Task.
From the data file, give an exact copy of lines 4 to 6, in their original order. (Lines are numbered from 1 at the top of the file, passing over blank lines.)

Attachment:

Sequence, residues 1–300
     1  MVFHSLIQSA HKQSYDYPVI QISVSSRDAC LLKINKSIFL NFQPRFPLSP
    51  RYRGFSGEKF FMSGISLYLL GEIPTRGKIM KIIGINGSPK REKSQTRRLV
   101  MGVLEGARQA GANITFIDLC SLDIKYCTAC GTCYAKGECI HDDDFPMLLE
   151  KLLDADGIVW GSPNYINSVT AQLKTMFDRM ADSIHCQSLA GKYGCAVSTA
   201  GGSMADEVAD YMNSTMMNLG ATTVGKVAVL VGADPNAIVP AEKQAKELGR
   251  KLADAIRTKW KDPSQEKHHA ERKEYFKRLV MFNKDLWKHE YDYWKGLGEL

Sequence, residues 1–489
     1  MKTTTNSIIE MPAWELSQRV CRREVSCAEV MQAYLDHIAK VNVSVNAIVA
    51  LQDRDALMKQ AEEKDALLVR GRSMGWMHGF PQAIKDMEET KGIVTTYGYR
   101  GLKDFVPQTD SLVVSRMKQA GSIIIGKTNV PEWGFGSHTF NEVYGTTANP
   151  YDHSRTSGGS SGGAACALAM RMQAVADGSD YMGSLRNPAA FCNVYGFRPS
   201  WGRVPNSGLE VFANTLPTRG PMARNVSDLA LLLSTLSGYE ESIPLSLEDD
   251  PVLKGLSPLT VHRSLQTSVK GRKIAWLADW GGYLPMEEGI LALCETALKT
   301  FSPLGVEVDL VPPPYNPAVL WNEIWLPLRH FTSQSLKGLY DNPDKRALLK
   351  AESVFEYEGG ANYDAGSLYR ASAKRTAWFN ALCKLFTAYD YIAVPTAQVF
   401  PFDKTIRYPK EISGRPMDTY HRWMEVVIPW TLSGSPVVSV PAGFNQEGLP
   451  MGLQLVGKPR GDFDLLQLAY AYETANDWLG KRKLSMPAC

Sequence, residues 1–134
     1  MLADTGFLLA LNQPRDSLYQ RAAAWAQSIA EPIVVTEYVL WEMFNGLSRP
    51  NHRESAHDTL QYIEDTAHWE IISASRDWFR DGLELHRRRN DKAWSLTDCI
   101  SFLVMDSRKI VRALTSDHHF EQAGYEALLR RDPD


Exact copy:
   101  MGVLEGARQA GANITFIDLC SLDIKYCTAC GTCYAKGECI HDDDFPMLLE
   151  KLLDADGIVW GSPNYINSVT AQLKTMFDRM ADSIHCQSLA GKYGCAVSTA
   201  GGSMADEVAD YMNSTMMNLG ATTVGKVAVL VGADPNAIVP AEKQAKELGR